Should we be afraid of COVID-19 vaccines?

Jhave received several questions on this topic over the past week. Now that vaccination is fast approaching, even due to start next week, all this is clearly taking a more concrete turn for everyone. I was even sent a text written by a retired Quebec doctor who wondered why we opted for “RNA vaccines” when there were older and better proven technologies. So let’s see.

“Classic” vaccines consist of presenting so-called “attenuated” (made less virulent) or downright “dead” viruses, or even bits of virus to the immune system. This then learns to make antibodies, proteins that bind to the microbes of the vaccine to deactivate them. But the three vaccines that have completed clinical trials so far take a different “path” which, admittedly, is new and has not been tested as much as the “classic” vaccines.

The vaccine developed by pharmaceutical AstraZeneca and Oxford University uses a harmless virus (an adenovirus found in chimpanzees) to deliver part of the DNA of COVID-19, specifically a gene, into our cells virus that contains the “recipe” for a “spike protein” – a kind of spike on the surface of the virus that is used as a key to enter and replicate in our cells. Once the gene is in a cell, it will start to produce the viral protein, and this is what will trigger the immune system’s response. In short, instead of producing viruses (or pieces of) and injecting them, we make our cells do the work.

The other two vaccines, those from the companies Pfizer / BioNTech (which Health Canada approved this week) and Moderna, consist of injecting “messenger RNA” (mRNA), which is a kind of genetic material different from DNA but that everyone has too. And the principle remains essentially the same: this mRNA contains the “recipe” for the spicule, and it is our own cells that make the viral protein.

This is also the advantage of these “vaccine platforms”, as they are called: it avoids having to “cultivate” viruses, a process that is tedious and expensive, which allows vaccines to be produced much more quickly. .

Now, it’s true that the Wikipedia page on RNA vaccines says that when RNA gets directly into the blood, it causes it to clot – and it’s not just Wiki saying that, it’s the results. of a study. But it would be wrong to deduce from this that pharmaceuticals have found the solution to this problem in just a few months: the study cited by Wiki does not date from this year, but from 2007. And over the past 13 years, there were many, a lot research on mRNA vaccines.

On coagulation itself, the 2007 study mentioned that it was “naked” strands of RNA that caused clots. However, it is precisely not “naked” mRNA that is injected into these two vaccines, because that simply would not work. As we can read in a review of the scientific literature published in 2018 in the scholarly journal Nature Reviews – Drug Discoveries, RNA degrades very quickly when it is found on its own in the blood, so much so that in the first prototypes of RNA vaccines, mRNA did not have time to reach our cells, which could not therefore not express the viral protein. Much of the research in recent years has been to find some sort of “capsule” or transporter that allows mRNA to reach its destination. So the results of the 2007 coagulation study do not really apply to the vaccines developed this year.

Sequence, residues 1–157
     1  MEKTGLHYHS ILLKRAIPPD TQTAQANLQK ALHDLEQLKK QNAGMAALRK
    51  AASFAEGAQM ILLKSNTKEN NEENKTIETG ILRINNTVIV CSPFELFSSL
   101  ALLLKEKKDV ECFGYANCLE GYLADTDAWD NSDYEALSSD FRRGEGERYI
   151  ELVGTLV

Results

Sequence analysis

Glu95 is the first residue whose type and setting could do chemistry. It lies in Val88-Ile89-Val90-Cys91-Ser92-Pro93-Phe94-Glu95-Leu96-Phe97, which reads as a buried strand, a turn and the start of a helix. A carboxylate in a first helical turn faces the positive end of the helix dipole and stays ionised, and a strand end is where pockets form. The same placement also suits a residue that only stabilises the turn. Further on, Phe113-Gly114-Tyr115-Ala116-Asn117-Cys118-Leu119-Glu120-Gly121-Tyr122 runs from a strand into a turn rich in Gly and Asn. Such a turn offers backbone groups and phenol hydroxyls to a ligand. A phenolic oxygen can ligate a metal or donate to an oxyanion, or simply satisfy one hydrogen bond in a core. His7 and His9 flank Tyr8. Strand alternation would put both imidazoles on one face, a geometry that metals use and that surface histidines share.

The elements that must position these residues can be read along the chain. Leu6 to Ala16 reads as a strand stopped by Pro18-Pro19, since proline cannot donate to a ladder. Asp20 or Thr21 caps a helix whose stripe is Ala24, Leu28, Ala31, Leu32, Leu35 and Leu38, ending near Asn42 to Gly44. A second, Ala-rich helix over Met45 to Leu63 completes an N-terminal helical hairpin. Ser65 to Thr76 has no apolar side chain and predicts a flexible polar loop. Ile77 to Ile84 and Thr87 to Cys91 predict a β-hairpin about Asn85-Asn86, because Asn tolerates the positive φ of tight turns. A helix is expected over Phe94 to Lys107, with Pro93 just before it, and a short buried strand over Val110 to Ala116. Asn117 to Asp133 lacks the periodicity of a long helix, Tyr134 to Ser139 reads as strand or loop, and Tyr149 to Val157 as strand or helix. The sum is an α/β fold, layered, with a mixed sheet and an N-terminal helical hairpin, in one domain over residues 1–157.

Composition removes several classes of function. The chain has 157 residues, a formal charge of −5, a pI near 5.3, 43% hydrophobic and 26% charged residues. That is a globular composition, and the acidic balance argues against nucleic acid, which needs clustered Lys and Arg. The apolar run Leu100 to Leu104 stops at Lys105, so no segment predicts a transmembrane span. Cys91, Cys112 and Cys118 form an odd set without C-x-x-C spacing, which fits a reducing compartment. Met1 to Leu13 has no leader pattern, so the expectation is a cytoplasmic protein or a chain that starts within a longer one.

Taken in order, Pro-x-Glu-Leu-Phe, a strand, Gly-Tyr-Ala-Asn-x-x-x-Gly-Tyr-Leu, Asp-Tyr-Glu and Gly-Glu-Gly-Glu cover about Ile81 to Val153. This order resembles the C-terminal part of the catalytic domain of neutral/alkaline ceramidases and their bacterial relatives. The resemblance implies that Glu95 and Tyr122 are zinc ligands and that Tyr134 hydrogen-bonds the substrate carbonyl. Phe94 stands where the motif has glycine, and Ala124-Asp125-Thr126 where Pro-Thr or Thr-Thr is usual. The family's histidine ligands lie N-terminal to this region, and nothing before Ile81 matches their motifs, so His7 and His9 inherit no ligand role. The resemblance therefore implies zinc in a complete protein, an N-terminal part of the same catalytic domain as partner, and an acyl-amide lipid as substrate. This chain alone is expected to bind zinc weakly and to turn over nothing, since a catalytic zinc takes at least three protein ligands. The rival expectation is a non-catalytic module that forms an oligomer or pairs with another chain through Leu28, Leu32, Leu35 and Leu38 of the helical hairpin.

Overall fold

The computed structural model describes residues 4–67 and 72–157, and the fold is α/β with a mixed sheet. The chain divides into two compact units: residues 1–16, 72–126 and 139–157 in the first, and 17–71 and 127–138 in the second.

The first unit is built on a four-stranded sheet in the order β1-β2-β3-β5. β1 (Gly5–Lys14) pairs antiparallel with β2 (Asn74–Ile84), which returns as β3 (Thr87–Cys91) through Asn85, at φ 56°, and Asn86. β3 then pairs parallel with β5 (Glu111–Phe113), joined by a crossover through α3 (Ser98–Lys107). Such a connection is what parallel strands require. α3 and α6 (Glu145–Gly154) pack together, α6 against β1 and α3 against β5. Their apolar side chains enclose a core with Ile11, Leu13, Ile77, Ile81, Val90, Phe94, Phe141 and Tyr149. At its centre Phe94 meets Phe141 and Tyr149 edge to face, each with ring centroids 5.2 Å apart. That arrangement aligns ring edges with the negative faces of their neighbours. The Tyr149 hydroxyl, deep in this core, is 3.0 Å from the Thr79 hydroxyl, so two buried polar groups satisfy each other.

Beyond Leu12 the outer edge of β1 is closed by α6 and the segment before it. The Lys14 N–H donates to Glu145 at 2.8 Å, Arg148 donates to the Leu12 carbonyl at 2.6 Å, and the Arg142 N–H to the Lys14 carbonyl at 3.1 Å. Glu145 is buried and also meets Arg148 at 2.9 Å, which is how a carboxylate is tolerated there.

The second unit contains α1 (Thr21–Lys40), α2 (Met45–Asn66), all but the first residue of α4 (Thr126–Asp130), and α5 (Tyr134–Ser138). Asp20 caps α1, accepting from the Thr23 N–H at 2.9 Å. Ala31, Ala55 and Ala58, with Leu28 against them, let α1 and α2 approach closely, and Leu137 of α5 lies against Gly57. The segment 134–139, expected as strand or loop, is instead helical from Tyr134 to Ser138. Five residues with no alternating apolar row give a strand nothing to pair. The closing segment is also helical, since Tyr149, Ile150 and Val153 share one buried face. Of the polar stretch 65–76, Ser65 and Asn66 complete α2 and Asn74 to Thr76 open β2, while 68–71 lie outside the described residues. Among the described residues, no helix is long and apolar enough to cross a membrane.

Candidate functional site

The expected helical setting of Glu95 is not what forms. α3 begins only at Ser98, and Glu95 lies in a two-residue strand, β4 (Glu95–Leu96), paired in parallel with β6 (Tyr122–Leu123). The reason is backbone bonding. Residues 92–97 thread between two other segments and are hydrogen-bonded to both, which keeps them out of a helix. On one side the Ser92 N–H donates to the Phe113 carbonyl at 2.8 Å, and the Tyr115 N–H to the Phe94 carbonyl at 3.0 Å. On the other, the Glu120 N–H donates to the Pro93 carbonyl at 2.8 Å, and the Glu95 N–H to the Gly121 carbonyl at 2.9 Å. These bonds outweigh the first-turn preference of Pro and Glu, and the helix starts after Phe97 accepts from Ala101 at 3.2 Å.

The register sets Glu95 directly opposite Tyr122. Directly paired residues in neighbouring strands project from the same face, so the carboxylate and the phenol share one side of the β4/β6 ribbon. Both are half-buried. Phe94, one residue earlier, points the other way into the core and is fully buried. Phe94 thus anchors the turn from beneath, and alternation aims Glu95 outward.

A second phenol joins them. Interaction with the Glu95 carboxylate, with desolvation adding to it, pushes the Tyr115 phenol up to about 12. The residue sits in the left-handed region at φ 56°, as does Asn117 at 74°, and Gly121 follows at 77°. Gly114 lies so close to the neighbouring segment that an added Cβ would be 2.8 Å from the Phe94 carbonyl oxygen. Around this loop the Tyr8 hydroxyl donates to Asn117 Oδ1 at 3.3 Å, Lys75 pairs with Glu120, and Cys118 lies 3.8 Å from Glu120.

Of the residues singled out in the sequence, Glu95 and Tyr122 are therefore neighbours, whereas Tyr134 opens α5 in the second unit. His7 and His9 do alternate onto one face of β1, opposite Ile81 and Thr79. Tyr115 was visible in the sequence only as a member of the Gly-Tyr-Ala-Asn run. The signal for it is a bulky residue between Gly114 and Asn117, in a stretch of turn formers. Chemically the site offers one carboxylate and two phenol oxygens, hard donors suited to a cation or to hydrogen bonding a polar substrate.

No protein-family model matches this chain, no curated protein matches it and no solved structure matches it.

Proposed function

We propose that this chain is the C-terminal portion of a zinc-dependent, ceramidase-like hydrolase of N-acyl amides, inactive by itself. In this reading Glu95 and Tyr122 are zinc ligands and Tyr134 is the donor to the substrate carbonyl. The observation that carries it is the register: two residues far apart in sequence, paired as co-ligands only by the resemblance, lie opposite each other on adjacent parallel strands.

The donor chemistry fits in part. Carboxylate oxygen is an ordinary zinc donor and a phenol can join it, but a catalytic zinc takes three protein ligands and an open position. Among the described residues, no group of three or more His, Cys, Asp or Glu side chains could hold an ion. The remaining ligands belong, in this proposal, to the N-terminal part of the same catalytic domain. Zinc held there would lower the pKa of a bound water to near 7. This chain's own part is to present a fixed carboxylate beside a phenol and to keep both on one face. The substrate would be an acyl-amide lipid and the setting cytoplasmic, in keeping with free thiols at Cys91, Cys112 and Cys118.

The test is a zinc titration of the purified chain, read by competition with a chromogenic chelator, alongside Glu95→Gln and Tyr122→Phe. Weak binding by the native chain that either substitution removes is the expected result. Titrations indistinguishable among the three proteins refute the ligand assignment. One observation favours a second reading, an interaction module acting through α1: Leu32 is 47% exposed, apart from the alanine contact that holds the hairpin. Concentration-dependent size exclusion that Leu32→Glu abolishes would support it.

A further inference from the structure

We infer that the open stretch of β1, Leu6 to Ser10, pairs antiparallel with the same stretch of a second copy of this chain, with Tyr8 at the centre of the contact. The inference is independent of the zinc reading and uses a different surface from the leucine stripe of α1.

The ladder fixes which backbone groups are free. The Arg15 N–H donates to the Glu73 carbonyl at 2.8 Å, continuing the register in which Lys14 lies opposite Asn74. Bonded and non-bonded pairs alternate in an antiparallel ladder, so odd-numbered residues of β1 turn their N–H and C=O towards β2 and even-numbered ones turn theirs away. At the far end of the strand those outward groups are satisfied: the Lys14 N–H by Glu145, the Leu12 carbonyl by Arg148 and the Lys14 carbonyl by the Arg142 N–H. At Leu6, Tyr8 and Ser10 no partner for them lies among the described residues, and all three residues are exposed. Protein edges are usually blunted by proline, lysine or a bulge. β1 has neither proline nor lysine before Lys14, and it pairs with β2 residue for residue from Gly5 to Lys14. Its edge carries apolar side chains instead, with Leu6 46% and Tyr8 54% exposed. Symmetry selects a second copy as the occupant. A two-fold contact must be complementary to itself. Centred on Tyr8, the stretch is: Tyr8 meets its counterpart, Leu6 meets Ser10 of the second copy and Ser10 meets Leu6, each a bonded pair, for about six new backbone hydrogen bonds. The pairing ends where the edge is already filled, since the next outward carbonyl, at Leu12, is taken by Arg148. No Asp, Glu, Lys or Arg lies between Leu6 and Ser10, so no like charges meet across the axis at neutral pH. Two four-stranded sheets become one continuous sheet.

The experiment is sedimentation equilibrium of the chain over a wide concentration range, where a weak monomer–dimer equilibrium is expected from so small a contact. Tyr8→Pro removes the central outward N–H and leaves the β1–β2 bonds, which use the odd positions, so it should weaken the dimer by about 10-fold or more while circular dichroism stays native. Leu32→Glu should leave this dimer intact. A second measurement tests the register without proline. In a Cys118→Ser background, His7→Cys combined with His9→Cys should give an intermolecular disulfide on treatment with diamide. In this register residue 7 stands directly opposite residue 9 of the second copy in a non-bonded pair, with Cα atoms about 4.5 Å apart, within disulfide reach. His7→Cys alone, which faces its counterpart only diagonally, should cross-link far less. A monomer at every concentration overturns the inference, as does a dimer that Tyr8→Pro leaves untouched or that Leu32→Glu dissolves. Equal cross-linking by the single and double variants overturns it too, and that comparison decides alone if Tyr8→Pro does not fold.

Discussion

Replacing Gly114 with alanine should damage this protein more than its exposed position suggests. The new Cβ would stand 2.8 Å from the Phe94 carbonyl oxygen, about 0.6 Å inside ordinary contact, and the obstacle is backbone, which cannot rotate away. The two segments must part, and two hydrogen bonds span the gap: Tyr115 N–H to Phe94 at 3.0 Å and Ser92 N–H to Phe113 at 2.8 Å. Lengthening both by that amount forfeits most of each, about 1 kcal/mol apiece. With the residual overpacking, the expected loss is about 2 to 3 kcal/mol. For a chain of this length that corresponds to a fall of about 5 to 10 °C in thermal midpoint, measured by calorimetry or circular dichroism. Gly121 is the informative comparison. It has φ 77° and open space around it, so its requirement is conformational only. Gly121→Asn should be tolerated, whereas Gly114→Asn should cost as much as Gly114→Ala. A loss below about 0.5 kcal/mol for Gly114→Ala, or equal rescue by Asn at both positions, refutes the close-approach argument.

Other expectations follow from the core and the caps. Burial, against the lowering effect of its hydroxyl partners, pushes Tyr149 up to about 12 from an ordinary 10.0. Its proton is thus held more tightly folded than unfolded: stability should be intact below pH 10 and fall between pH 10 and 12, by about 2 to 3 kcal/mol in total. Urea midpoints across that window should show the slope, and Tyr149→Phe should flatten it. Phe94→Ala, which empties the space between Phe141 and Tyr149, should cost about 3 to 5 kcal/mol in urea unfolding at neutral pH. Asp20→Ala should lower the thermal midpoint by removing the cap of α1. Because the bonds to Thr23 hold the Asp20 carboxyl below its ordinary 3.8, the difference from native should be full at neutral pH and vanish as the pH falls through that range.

Another problem that has arisen along the way is that RNA causes inflammation when it is in the blood, we read in another review of the literature published in 2019 in the medical journal. Vaccines. But then again, solutions were found and this article indicated that the results of animal testing and some human testing were “encouraging”.

That being said, these are still very new technologies: until this fall, no mRNA vaccine had ever been tested on large groups of people, let alone almost entire populations. The two literary reviews I am quoting here also warned that we should keep a close eye on a certain number of points, in particular this history of coagulation. But their authors did not have data from the three major clinical trials on COVID vaccines. These, it must be said, are very reassuring about “side effects”.

Almost 10,000 people received the AstraZeneca / Oxford vaccine, 15,000 received the Moderna vaccine, and Pfizer / BioNTech administered its vaccine to nearly 22,000 people. And the “side effects” seen on all of these people are very much in line with those of the “old” vaccines, that is, they are on the whole very mild and very predictable – for example: pain where you got stung, redness around the injection site, etc.

And that’s probably not very surprising, mind you. As we could read last September in the Journal of the American Medical Association, the way RNA or DNA vaccines work is not that different from some classic vaccines, basically, because when you inject someone with an attenuated virus, the virus enters their cells and replicates there. – which implies that our cells will produce viral proteins, a bit like with mRNA / DNA vaccines.

None of this, if it should be specified, constitutes a guarantee of absolute safety. It remains possible that extremely rare side effects, occurring for example 1 time in 100,000 or 1,000,000, will eventually be discovered when millions of people have been vaccinated. In addition, we do not yet have data on a long period (only two or three months for the majority of vaccinated): perhaps other side effects will appear later in some people. Perhaps…

We’ll see. But for now, all the data (and we are starting to have a large sample anyway) indicate that these vaccines are as safe as the others, that is to say extremely. It is not for nothing that the New England Journal of Medicine spoke last week, in an editorial, of a “triumph” of science …

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